We said goodbye to S. last month at a stone church on a side street on the Upper West Side. Actually, we said goodbye to her back in January, when Alison from upstairs called me late one night to tell me that my next-door neighbor had passed away while we were out one day, I’m not sure now for what, perhaps a run to the grocery store or a visit with out-of-towners. What I do remember is the call itself: I was sitting on my couch in my living room with the not-enough light and the too-small rug, my back to the wall that my family’s apartment shared with S's. Our front doors stand side by side, less than a foot away. To say she was the closest thing to me in my building, literally, would not be an exaggeration.
Two winters ago, I stayed temporarily in a bee-infested cottage in the swamplands of Florida while teaching and writing at an artists’ center. Each morning, I opened the cottage door to a swarm of fist-sized carpenter bees so thick it seemed to cloud the humid air, then slammed the door, heart racing. The bees were not my only problem. In fact, they seemed like such a perfect metaphor that I began to wonder if they were real at all. My work had skidded to a painful halt. My mind was . . . well, my mind was buzzing. I was stuck. There was something invisible and dangerous at the center of everything I tried to write, something I didn’t yet understand.
Over the course of three extremely isolated and challenging weeks, my inner world seemed to tilt and reorient itself. I hardly left the cottage except to buy coffee, milk, yogurt and wine. I ripped up the essay I had been struggling with for many months, and realized with a thudding sense of horror what I had been avoiding. The subject of my next book was going to be marriage. As in, my marriage. I was going to write openly and honestly about my marriage to a man I loved and to whom I had every intention of staying wedded for the rest of our lives.
Had I lost my mind? Why would any sane person do this?
It pains me to say it, but I am a failed artist. “Pains me” because nothing in my life has given me the boundless psychic bliss of making art for tens of hours at a stretch for a decade in my 20s and 30s, doing it every day and always thinking about it, looking for a voice to fit my own time, imagining scenarios of success and failure, feeling my imagined world and the external one merging in things that I was actually making. Now I live on the other side of the critical screen, and all that language beyond words, all that doctor-shamanism of color, structure, and the mysteries of beauty — is gone.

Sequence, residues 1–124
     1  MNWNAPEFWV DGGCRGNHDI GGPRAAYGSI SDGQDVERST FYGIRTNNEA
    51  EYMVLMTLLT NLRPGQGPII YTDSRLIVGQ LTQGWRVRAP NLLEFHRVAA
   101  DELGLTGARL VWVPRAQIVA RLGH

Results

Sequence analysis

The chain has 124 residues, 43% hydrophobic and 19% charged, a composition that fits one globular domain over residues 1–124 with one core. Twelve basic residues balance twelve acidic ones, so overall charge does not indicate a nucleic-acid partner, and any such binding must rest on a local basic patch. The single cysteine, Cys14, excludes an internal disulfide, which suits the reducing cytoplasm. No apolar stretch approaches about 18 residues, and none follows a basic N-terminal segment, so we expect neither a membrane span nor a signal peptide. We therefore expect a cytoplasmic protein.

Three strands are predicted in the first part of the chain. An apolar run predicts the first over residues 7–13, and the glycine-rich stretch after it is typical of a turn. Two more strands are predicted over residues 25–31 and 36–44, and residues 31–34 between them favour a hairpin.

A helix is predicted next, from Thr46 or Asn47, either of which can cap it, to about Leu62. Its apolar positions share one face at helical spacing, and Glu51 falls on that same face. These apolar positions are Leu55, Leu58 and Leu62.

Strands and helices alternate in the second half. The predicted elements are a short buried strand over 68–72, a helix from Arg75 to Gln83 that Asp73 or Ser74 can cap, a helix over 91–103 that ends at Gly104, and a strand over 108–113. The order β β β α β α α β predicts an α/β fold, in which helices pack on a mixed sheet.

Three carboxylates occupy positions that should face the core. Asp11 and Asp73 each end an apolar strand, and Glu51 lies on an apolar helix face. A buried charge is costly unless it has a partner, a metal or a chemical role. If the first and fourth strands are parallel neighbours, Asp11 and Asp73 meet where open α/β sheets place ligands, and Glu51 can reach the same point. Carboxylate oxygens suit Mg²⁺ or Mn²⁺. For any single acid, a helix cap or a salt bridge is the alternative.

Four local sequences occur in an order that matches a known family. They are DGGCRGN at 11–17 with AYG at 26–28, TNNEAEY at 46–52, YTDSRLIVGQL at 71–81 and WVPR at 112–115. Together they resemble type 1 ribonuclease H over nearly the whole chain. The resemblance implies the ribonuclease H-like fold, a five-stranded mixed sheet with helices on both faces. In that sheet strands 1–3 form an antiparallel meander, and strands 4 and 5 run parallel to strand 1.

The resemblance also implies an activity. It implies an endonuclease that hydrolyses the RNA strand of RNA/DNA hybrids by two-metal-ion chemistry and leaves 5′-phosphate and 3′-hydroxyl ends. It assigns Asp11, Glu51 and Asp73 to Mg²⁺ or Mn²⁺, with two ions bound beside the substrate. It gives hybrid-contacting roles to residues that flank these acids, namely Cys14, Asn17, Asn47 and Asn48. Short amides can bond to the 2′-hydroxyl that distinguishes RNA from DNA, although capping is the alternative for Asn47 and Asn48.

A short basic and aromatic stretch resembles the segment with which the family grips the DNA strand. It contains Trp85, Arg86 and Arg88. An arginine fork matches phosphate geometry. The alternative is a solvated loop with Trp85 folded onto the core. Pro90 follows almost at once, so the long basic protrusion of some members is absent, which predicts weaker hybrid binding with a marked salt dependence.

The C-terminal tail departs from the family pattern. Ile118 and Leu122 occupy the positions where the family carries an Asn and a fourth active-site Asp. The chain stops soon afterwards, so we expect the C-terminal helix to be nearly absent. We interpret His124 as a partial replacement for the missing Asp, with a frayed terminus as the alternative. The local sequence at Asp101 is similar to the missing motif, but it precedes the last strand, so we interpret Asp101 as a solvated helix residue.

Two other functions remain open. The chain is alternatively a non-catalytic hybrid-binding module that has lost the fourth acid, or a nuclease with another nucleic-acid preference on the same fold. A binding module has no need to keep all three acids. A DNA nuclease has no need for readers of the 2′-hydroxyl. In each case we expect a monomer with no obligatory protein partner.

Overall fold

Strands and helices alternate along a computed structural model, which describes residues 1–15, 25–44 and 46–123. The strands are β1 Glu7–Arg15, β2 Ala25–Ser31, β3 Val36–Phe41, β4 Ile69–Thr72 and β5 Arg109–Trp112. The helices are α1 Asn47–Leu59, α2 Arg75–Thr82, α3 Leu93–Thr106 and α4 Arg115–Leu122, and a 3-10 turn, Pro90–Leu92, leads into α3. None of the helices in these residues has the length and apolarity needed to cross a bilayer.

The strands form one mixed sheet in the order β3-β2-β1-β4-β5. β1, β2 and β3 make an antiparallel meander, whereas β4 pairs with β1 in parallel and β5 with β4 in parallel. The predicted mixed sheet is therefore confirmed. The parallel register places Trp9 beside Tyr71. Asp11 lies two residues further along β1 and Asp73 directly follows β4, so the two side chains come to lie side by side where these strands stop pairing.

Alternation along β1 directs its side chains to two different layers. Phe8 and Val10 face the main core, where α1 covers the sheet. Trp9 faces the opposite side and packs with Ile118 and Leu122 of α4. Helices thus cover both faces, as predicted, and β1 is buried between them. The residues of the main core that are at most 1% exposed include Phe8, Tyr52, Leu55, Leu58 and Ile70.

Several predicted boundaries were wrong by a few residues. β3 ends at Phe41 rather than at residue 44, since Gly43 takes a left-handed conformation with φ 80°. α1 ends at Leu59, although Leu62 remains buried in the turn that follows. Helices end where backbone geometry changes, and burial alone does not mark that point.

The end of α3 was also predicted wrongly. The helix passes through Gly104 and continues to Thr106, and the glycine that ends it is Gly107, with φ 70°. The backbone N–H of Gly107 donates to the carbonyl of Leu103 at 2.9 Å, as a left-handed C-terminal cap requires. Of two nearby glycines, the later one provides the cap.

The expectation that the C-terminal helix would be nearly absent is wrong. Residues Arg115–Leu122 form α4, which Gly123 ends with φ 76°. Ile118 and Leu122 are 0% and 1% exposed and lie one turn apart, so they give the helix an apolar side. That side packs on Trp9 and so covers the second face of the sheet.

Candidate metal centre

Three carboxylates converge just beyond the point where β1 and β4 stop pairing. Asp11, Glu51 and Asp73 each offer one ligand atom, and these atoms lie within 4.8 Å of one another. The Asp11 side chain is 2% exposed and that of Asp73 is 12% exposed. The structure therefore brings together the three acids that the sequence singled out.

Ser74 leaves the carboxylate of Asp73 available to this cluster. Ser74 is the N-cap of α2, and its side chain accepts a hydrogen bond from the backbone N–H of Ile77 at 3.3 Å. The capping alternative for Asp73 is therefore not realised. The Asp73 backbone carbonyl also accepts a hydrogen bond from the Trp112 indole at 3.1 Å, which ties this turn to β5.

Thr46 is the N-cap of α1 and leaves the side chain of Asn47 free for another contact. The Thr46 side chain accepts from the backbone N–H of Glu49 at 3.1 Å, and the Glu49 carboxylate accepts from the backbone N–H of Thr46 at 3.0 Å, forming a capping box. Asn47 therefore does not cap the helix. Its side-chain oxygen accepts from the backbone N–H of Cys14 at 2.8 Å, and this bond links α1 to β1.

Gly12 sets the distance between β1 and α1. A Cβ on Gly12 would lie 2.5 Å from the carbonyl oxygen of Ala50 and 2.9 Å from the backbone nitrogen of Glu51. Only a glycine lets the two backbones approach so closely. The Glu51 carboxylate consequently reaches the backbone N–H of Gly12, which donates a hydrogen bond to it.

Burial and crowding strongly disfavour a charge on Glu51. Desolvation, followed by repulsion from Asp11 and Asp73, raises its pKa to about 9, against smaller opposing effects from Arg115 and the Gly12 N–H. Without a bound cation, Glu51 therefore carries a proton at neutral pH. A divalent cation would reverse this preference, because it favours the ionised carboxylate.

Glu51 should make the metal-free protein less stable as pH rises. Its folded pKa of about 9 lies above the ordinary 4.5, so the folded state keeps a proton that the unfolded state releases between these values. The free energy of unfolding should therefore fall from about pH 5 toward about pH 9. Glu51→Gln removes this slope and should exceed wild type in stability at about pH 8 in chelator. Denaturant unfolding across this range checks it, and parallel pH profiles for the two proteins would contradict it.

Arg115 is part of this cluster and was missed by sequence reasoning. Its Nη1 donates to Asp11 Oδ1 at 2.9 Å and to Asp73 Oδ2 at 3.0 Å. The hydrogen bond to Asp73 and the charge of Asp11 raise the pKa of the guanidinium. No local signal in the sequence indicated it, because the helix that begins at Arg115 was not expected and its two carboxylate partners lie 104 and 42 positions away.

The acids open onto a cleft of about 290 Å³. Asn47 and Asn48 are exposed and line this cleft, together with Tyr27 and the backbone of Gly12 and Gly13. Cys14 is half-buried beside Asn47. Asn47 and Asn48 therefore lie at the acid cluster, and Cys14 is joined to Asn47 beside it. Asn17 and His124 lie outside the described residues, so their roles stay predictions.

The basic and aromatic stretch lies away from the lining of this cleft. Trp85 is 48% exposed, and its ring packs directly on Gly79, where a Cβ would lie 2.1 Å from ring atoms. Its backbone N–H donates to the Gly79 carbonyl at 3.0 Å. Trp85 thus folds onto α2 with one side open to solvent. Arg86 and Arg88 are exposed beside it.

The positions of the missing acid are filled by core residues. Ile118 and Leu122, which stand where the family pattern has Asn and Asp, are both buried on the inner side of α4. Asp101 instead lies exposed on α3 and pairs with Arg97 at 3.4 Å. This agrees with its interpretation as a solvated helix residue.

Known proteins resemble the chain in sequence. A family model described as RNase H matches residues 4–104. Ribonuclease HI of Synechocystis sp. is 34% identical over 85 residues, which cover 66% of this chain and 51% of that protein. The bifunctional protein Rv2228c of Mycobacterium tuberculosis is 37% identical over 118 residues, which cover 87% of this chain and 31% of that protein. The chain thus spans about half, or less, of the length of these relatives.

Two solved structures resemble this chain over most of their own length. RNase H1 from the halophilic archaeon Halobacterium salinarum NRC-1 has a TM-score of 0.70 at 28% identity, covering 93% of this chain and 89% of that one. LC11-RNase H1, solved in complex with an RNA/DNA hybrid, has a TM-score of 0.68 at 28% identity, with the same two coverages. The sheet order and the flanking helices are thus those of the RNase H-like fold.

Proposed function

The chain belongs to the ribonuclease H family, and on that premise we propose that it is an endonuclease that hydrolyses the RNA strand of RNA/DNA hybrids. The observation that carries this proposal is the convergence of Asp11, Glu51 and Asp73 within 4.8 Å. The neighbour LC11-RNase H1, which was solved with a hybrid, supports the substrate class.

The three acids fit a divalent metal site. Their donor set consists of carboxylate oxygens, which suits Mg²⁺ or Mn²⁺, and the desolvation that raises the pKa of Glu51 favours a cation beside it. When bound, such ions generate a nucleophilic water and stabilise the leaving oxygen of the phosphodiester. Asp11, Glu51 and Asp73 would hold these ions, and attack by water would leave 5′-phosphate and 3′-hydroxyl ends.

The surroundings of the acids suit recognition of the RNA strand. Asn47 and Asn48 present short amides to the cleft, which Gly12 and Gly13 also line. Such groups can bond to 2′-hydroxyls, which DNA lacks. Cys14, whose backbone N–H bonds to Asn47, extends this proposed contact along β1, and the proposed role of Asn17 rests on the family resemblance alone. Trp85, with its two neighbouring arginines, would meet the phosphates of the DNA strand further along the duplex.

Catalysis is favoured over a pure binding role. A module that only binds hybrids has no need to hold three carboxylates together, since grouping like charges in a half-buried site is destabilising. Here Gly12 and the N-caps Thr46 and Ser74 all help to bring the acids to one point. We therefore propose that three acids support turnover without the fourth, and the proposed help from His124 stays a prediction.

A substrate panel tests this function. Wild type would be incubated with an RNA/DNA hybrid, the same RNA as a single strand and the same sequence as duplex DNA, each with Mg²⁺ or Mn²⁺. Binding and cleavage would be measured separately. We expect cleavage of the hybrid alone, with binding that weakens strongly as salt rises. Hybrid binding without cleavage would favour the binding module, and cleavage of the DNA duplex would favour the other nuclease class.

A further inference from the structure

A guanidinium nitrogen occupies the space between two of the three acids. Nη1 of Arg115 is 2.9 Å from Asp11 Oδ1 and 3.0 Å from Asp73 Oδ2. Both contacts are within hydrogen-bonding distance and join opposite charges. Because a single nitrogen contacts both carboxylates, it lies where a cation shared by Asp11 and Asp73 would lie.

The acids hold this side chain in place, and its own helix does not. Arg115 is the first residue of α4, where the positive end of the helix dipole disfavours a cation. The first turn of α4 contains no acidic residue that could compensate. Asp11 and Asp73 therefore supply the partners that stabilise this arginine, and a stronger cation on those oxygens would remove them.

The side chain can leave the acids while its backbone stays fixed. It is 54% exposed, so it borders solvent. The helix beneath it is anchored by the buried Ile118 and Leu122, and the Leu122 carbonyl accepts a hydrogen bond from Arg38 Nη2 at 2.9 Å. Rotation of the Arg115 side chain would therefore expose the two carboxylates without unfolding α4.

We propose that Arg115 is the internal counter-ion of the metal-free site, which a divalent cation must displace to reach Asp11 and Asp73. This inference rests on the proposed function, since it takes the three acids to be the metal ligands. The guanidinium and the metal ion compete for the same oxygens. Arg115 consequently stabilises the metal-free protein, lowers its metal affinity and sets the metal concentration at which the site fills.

I miss art terribly. I’ve never really talked about my work to anyone. In my writing, I’ve occasionally mentioned bygone times of once being an artist, usually laughingly. Whenever I think of that time, I feel stabs of regret. But once I quit, I quit; I never made art again and never even looked at the work I had made. Until last month, when my editors suggested that I write about my life as a young artist. I was terrified. Also, honestly, elated. No matter how long it’d been — no matter how long I’d come to think of myself fully as a critic, working through the same problems of expression from the other side — I admit I felt a deep-seated thrill hearing someone wanted to look at my work.
In addition to its many other virtues, Hourglass underscores the tightrope tension of trying to support a middle-class lifestyle on writing. Shapiro admits she and M have "First World problems." But she's also ruthlessly clear about the trade-offs they unknowingly made in following their literary ambitions: She tells us they work seven days a week and have no savings, no retirement plans, "nothing to fall back on, but each other."
Elizabeth Strout's new novel-in-stories, Anything Is Possible, is welcome literary salve for these alarmingly acrimonious, anxiety-inducing times. These nine linked tales about people who overcome miserable childhoods, severe losses, disheartening marriages, and war trauma to experience moments of amazing grace offer comfort and reassurance. They remind us that a little kindness and compassion can open up surprising possibilities.
Post-apocalyptic fiction too often pays lip service to serious problems like climate change while allowing the reader to walk away unscathed, cocooned in an ironic escapism and convinced that the impending disaster is remote. Not so with Lidia Yuknavitch’s brilliant and incendiary new novel, which speaks to the reader in raw, boldly honest terms. “The Book of Joan” has the same unflinching quality as earlier works by Josephine Saxton, Doris Lessing, Frank Herbert, Ursula K. Le Guin and J. G. Ballard. Yet it’s also radically new, full of maniacal invention and page-turning momentum.